Now, if we do this in code, we could have each Grid Space button search the scene's Hierarchy for the Game Controller when they are first created at the start of the game. The Game Controller, however, already has a list of all of the Grid Space buttons in the buttonList array. In our case, I feel it would be better for the Game Controller to push the reference to itself to the buttons directly.

To push the references to the Grid Space buttons, the GridSpace script will need a local variable with of the type GameController and a public function to set it.

  • Open the GridSpace script for editing.
  • Add a new private variable to hold a reference to the GameController.
private GameController gameController;
  • Create a new public function which returns void that can take a GameController as a parameter and assign it to the gameController variable as a reference.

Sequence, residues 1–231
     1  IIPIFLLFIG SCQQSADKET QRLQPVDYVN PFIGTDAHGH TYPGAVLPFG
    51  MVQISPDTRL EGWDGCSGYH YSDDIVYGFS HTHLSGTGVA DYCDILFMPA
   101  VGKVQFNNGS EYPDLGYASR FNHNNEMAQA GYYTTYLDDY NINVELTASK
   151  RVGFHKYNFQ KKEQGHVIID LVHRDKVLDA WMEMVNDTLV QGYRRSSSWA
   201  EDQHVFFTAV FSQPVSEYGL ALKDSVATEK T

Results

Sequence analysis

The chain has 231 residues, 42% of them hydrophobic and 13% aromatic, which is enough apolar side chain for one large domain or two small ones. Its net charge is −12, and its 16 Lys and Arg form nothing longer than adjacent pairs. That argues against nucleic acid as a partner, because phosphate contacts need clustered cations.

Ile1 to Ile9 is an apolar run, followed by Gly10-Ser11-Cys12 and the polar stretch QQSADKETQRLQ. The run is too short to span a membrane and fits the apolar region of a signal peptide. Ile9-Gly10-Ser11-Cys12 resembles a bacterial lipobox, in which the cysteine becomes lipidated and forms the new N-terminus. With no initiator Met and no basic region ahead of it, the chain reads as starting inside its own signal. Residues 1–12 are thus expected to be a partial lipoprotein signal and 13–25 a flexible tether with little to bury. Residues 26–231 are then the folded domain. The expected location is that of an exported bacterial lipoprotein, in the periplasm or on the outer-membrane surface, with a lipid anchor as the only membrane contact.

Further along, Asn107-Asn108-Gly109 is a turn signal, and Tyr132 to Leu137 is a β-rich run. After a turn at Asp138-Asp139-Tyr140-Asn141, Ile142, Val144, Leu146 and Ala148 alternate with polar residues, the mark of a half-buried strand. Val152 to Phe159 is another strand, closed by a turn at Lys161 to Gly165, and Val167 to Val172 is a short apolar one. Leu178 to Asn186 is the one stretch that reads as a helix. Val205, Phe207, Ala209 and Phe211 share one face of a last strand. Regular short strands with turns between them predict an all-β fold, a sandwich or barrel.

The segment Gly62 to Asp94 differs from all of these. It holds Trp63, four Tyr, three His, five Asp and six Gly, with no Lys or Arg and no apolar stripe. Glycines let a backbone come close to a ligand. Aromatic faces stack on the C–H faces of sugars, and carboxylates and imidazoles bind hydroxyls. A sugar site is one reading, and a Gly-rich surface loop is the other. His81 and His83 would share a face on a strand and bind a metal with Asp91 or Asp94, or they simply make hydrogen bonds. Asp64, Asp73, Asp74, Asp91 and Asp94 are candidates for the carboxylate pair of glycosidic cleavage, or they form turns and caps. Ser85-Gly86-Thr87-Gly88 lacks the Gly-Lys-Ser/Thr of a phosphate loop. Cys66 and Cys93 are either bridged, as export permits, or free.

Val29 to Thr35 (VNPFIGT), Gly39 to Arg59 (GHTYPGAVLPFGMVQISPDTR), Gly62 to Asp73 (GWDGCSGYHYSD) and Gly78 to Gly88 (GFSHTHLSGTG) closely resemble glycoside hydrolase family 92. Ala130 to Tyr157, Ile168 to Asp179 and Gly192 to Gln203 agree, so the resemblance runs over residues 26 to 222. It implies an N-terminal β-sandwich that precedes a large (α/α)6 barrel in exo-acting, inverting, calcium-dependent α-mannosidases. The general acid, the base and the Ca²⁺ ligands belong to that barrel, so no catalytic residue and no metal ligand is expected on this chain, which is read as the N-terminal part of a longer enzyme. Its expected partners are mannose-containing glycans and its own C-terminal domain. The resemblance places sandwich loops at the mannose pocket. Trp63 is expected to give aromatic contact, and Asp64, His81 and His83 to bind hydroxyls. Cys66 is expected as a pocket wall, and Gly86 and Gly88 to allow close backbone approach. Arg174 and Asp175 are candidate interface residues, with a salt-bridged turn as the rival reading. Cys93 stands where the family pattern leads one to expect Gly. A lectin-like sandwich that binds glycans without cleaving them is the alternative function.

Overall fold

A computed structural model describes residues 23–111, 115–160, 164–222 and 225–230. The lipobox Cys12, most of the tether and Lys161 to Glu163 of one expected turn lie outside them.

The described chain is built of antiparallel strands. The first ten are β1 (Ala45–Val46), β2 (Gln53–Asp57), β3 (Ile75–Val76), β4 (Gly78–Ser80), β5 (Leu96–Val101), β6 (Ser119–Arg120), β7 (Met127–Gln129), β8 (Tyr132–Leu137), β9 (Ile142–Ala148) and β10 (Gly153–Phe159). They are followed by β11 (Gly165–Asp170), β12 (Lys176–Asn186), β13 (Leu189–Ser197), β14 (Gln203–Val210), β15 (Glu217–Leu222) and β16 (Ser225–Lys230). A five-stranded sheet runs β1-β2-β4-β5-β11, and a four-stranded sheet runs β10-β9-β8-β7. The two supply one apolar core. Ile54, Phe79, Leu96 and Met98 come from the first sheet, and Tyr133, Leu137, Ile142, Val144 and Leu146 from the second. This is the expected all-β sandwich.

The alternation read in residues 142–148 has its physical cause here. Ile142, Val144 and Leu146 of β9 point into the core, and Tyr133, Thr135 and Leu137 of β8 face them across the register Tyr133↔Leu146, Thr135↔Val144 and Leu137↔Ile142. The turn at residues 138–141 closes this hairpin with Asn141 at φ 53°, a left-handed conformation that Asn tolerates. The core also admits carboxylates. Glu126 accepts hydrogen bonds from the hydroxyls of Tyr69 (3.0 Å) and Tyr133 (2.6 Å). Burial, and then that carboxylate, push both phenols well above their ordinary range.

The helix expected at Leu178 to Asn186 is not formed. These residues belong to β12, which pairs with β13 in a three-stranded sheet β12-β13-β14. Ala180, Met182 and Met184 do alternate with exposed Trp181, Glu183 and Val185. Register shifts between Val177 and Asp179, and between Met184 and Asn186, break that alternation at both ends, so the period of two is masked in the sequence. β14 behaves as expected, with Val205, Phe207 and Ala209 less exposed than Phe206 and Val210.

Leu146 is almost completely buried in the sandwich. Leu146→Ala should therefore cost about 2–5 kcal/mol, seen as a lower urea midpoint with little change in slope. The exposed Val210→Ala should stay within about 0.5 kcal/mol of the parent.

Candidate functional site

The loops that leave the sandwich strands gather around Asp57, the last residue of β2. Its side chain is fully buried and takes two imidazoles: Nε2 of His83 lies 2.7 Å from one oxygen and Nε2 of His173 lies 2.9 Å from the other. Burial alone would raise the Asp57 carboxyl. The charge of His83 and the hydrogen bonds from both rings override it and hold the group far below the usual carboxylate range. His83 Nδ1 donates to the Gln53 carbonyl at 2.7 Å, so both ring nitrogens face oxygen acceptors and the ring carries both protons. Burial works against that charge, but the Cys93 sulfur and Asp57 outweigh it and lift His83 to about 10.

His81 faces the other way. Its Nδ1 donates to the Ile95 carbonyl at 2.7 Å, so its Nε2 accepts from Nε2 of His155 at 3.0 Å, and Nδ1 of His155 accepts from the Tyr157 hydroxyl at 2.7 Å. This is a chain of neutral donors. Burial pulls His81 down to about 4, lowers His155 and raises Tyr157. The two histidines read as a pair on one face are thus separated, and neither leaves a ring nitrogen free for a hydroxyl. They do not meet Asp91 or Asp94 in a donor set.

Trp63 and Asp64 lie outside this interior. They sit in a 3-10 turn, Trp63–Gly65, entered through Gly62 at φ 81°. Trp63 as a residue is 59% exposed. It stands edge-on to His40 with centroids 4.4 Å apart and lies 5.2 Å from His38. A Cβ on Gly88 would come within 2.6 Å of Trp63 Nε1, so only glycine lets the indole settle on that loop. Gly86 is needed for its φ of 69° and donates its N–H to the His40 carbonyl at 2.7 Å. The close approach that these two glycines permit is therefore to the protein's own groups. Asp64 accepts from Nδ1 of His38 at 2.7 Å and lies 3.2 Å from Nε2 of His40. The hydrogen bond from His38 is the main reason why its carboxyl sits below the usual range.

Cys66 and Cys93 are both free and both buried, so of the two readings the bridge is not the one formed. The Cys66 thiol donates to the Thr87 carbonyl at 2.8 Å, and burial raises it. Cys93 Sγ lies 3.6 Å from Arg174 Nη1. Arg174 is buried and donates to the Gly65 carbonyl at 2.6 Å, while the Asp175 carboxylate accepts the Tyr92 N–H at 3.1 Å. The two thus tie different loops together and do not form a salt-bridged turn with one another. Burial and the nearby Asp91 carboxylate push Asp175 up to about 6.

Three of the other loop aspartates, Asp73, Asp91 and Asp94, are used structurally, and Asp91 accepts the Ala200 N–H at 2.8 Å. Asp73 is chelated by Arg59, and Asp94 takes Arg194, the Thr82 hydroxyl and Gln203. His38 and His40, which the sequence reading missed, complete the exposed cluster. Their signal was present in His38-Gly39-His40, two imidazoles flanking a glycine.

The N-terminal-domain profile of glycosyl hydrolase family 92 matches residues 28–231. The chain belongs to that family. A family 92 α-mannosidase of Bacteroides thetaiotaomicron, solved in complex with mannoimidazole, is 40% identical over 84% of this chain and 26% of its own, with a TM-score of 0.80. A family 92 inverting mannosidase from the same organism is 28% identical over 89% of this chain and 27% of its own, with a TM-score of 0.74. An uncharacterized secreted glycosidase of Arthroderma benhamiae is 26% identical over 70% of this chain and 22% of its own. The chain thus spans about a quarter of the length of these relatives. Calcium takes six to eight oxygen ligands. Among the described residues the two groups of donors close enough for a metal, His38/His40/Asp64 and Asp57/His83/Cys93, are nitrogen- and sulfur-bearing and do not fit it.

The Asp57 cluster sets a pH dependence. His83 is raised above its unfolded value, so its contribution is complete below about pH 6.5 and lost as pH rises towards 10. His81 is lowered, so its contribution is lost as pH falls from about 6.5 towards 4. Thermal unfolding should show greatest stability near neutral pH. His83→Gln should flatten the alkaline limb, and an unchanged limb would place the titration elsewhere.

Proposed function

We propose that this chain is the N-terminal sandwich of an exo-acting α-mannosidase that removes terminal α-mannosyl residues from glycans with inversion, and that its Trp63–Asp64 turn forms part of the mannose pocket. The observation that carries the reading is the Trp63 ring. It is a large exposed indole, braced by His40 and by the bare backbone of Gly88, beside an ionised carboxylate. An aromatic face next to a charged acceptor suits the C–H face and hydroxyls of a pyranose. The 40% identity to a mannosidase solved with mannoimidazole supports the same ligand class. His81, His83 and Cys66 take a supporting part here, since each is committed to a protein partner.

public void SetGameControllerReference (GameController controller)
{
    gameController = controller;
}

The final script should look like this:

GridSpace

Code snippet

using UnityEngine;
using System.Collections;
using UnityEngine.UI;

public class GridSpace : MonoBehaviour {
    
    public Button button;
    public Text buttonText;
    public string playerSide;

    private GameController gameController;

    public void SetGameControllerReference (GameController controller)
    {
        gameController = controller;
    }

    public void SetSpace ()
    {
        buttonText.text = playerSide;
        button.interactable = false;
    }
}
  • Save this script.
  • Open the GameController script for editing.
  • Create a new function that returns void called "SetGameControllerReferenceOnButtons".
void SetGameControllerReferenceOnButtons ()
{

}
  • In SetGameControllerReferenceOnButtons write code that loops through all of the buttons. This is best done with a for loop that iterates through all of the elements in the buttonList array.